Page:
Introducing DevOps Where ITIL Rules - The Enterprise
Introducing DevOps where ITIL rules– The EnterpriseThose of us who haven’t worked in the Enterprise probably don’t know a lot about ITIL.ITIL may even be a great source of amusement for them. Show them a picture of theITIL books and they may well even laugh out loud. C’mon, they would say, how muchpractical use can you get from a methodology that is defined through a set of books thatis actually referred to as a “library”?Those of us who do, or have, worked in the Enterprise, know that ITIL is a necessary“evil”. When applied in a pragmatic, and customized, manner ITIL processes make asignificant impact on the quality and speed of technology and software delivery in largecompanies. The pre and post difference of an ITIL implementation can be truly amazing.To the generation of IT professionals who align themselves to DevOps ITIL processescan still appear draconian, more the enemy of efficiency than its enabler. To argue flatlyfor one approach or the other in any situation though is ridiculous. More ridiculous stillwould be attempting to force DevOps methodologies into a large Enterprise in the sameway that ITIL processes were forced in over the last 5 – 10 years. Putting in ITIL wherebefore it was the Wild West is one thing, applying DevOps principles where the orderand structure of ITIL reigns is an entirely different, and far more risky, proposition.
Can Enterprises benefit from DevOps methodologies? Of course they can. They simplyneed to be judicious in the way that they implement them. The following is a simple, yeteffective, approach to identify and prioritize your DevOps initiative in an Enterprisewhere ITIL rules. The key is to identify the areas where you will get the most bang forbuck through improved collaboration and automation.1. List out your top/key ITIL processesThere are a lot of ITIL processes and if you have defined how each one of them shouldwork in your organization then that’s no mean feat. It’s not helpful here though. Pick outthe three that are used most (most instances per week), involve the most teams (crossfunctional) and whose failure/inefficiencies cause the highest impact (money/time).Based on my last Enterprise role would choose Change, Release and ConfigurationManagement.2. Gather representatives from each relevant team to review themI know, I know. No more meetings, right? Well, this one is important. Make it a singleworkshop, not a weekly get together. Give it a set time and don’t go over. Gettingsomething out is what matters, not making things perfect.3. Identify the points in each process where things break downWhere is time wasted? Where are the handovers? What costs the business the mostmoney when things go wrong?4. Ask how/if improved collaboration or automation could help?This is the key. Stop thinking about “DevOps” as a high level concept or methodologyand focus on what it means. It may be a simplification but thinking of it in termsof collaboration and automation gives instant clarity. Could automated testing be appliedwhere the same errors are being introduced constantly? Should operations staff beintroduced earlier than release night to the SDLC? Can we use Continuous Delivery?Can we do Build Automation?5. Prioritize based on effort and reward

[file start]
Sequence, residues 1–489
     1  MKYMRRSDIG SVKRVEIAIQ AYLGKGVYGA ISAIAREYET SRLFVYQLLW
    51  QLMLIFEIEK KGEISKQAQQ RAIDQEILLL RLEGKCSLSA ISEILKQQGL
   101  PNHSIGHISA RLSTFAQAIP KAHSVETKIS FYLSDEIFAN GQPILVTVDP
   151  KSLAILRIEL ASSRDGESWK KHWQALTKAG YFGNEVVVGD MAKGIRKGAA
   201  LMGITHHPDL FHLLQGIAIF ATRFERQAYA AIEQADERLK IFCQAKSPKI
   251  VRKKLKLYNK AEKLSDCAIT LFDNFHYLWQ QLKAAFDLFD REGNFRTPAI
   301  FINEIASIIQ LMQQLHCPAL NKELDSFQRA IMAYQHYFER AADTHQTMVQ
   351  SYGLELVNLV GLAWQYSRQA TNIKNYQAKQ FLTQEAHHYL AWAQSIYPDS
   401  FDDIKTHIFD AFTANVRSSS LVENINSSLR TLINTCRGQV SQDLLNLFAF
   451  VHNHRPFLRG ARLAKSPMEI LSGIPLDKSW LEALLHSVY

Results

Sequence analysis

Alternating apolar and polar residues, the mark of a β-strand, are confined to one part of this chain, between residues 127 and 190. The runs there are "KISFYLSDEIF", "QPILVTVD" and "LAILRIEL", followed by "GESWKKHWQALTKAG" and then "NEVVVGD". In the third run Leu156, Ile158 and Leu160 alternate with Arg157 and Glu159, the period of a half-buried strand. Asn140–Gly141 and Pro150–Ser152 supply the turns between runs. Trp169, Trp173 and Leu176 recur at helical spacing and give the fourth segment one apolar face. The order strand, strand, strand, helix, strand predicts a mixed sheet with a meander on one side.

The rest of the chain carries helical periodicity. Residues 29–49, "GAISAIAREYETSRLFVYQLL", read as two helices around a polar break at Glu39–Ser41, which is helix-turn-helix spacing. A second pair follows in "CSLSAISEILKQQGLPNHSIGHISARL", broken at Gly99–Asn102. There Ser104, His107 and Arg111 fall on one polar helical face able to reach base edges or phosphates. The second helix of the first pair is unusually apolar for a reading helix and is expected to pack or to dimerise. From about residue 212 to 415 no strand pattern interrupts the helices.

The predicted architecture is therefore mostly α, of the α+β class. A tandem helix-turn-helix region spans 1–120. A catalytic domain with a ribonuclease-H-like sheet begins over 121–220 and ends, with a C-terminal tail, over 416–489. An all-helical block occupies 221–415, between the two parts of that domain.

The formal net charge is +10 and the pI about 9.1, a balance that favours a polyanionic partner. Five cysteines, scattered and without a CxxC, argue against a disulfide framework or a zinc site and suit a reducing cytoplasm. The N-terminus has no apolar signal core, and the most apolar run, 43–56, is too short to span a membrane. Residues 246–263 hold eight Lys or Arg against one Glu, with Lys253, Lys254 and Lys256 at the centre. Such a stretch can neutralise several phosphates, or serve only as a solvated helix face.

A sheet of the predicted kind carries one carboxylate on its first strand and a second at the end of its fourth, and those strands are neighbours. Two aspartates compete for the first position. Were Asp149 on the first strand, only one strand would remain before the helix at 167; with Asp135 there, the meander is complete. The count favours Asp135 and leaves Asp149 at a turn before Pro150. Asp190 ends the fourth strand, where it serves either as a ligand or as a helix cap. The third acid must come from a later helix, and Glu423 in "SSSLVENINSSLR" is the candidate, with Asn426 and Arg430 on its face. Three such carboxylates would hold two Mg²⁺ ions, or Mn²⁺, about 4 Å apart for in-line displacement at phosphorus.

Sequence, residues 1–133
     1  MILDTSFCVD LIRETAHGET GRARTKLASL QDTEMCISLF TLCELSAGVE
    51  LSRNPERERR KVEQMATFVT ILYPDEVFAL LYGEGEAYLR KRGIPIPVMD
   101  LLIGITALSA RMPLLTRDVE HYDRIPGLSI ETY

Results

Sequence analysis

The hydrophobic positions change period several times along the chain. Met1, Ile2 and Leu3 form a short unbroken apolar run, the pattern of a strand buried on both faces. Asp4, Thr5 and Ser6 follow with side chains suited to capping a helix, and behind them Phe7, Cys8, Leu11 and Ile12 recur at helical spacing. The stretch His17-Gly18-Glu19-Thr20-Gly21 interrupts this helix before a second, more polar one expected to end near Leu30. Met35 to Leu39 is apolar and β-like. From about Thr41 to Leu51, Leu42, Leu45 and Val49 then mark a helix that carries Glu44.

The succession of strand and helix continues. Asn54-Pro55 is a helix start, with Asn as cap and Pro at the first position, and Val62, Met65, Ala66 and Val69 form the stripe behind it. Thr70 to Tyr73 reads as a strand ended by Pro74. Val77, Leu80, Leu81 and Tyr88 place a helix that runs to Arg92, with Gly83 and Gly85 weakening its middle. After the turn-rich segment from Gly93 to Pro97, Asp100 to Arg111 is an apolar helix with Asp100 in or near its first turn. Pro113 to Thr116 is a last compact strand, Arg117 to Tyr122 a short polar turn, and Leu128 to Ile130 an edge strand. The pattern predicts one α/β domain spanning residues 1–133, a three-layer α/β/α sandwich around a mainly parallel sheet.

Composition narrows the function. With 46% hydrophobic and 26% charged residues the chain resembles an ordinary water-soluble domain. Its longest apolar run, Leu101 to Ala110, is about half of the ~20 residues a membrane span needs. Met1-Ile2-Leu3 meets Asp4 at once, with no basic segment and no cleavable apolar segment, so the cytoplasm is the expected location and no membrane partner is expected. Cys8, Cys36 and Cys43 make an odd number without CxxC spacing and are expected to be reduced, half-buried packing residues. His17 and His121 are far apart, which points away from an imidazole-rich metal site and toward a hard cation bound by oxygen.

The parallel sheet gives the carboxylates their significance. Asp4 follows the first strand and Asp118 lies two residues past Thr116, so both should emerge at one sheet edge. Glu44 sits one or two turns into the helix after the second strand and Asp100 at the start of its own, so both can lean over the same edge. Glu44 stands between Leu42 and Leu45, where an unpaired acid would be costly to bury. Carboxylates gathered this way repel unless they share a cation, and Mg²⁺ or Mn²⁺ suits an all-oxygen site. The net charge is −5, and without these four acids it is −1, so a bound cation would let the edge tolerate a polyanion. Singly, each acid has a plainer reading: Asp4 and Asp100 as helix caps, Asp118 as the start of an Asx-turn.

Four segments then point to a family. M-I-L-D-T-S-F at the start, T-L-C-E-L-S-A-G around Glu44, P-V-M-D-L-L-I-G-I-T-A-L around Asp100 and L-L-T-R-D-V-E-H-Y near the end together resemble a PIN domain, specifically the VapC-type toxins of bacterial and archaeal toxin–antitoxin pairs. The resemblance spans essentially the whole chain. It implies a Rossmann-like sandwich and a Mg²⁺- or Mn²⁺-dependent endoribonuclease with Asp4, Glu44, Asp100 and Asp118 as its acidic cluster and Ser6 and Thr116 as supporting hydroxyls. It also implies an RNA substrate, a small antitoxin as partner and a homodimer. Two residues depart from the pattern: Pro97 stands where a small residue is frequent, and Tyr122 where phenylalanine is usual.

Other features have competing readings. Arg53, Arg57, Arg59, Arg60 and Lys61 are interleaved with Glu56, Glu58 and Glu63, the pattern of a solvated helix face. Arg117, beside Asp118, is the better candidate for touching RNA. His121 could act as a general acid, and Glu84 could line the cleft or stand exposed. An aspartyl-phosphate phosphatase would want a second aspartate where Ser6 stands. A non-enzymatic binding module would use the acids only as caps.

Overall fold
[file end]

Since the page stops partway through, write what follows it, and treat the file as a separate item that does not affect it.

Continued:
Getting developers and operations staff working in perfect harmony may not be easy butgetting them talking is relatively cheap and can have immediate impact if done right.Implementing continuous delivery for a legacy banking system is neither easy nor cheap.This is not an exact science but do your best to list each “DevOps” opportunity andprioritize them in terms of likely ROI.6. Start at #1That’s it. Don’t fret any more about what DevOps is and isn’t. You have a prioritized listof DevOps initiatives. Treat them like you’d treat any other work but don’t let them getburied. You’ll never learn what works for your organization until you get started. If youhave buy in from each team from the start though your chances of success are greatlyimproved.